Wed, 14 August 2013
Cory Booker, the Next Black Corporate Presidential Contender
A Black Agenda Radio commentary by BAR executive editor Glen Ford
“Booker has always been a sycophant of the rich and devotee of their most reactionary causes.”
Cory Booker, the obnoxious and joyously cynical Newark, New Jersey mayor and soon-to-be U.S. senator, perfected the role of stealth Black corporatist Democratic politician years before Barack Obama was elected to national office – although he’s eight years younger than Obama. If anything, Booker has more friends in high rightwing places at this stage in his career than did Barack Obama when he was running for the U.S. Senate from Illinois, ten years ago. Obama came out gradually as a servant of the corporate class; Booker has always been a sycophant of the rich and devotee of their most reactionary causes.
While Barack Obama waited until he was president to fully display his school privatization colors, Cory Booker began his public career as an operative in the corporate-funded private school vouchers game. At the age of 33, and with only one term as a city councilman under his belt, Booker used his rich contacts in rightwing, mainly Republican circles to vastly outspend, and almost defeat, the most powerful Black politician in New Jersey, Newark mayor Sharpe James. Four years later, in 2006, after a very large Republican U.S. Attorney and now governor, Chris Christie, had put James on the path to prison, Cory Booker walked into City Hall with an army of Wall Street and Silicon Valley billionaires behind him.
Once he steps into the U.S. Senate, to serve out the remainder of the late Frank Lautenberg’s term, Booker will immediately start running for president, staking out a position to the right of the current occupant and of Obama’s likely successor, Hillary Clinton. In the last presidential race, Booker infuriated the Obama camp by coming to the defense of Bain Capital, the Wall Street investment firm where Mitt Romney made his fortune. Booker said it was “nauseating” to see all those good people in high finance held up to scorn in an election campaign.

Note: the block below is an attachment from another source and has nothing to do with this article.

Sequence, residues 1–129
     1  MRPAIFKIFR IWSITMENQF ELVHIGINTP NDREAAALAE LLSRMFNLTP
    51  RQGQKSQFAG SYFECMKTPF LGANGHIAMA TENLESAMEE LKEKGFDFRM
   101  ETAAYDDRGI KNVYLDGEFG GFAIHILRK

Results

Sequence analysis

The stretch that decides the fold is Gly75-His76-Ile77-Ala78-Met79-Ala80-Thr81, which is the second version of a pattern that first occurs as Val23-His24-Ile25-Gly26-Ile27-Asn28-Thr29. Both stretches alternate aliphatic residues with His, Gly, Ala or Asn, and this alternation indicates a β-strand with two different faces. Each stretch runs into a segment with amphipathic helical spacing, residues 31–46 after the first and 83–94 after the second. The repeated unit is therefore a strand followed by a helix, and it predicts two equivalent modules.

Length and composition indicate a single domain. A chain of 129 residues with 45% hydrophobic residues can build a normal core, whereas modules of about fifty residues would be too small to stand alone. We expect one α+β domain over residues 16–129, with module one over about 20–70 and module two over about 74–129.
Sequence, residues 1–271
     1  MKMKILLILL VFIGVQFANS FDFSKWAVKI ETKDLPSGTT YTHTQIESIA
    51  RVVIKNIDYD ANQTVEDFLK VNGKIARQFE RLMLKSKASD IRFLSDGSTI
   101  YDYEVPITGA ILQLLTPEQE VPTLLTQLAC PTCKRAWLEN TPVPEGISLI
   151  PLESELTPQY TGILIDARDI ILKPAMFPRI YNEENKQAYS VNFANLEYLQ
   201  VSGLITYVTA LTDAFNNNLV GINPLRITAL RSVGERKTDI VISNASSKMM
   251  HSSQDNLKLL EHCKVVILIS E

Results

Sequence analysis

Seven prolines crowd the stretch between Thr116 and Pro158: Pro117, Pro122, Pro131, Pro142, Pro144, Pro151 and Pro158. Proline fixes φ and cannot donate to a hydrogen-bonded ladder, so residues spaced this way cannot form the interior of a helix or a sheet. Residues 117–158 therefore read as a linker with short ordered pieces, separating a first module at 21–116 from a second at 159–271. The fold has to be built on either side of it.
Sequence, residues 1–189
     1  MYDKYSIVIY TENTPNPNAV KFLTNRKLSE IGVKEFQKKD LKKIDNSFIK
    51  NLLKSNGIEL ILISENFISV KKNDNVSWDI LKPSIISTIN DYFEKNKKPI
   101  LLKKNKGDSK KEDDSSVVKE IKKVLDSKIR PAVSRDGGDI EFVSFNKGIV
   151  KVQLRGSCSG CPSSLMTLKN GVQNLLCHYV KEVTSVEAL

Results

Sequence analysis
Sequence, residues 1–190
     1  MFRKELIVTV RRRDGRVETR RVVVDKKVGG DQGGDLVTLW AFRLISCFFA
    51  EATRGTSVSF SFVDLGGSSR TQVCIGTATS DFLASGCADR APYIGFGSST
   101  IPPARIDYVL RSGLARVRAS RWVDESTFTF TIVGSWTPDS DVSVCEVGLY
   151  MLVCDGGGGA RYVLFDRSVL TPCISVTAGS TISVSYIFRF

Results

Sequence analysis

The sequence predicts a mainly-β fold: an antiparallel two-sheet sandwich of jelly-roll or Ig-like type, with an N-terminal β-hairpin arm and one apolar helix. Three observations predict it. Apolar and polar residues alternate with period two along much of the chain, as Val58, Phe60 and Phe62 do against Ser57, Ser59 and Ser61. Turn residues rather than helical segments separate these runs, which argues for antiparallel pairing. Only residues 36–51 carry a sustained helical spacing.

“The filthy rich have cultivated a true-blue believer in Cory Booker.”
Nobody can say that Cory Booker doesn’t take care of his friends in the 1%. They certainly take care of him. They have bankrolled all of his electoral efforts, most recently allowing Booker to spend almost three times as much as his top Democratic senatorial opponents, combined. Facebook billionaire Mark Zuckerman’s $100 million gift to the Newark Public Schools made Booker look like an urban miracle worker – although the transaction was actually more like Booker presenting the schools as a gift to Zuckerman and his privatizing friends. Other Silicon Valley fat cats set Booker up as head of a start-up Internet company that made Booker a millionaire, at least on paper. Now that Booker is going to Washington, the start-up is going down the tubes. But, there are plenty more self-serving deals to be made on Capitol Hill.
In the recent campaign, Booker sounded positively like an old-style Republican, badmouthing “Washington” in every other sentence.
The filthy rich have cultivated a true-blue believer in Cory Booker, the still-young man from the suburbs of New Jersey. As I wrote in the inaugural issue of the Black Commentator, in April of 2002, “At his age, Cory will be a blight on the political scene even longer than the rest of the Four Cs (colored conservatives counting cash).” I was referring to Condoleezza (Rice), Clarence (Thomas), and Colin (Powell).
He’ll likely be around even longer than his fellow Black stealth corporatist, Barack Obama.
For Black Agenda Radio, I’m Glen Ford. On the web, go to BlackAgendaReport.com.
BAR executive editor Glen Ford can be contacted at Glen.Ford@BlackAgendaReport.com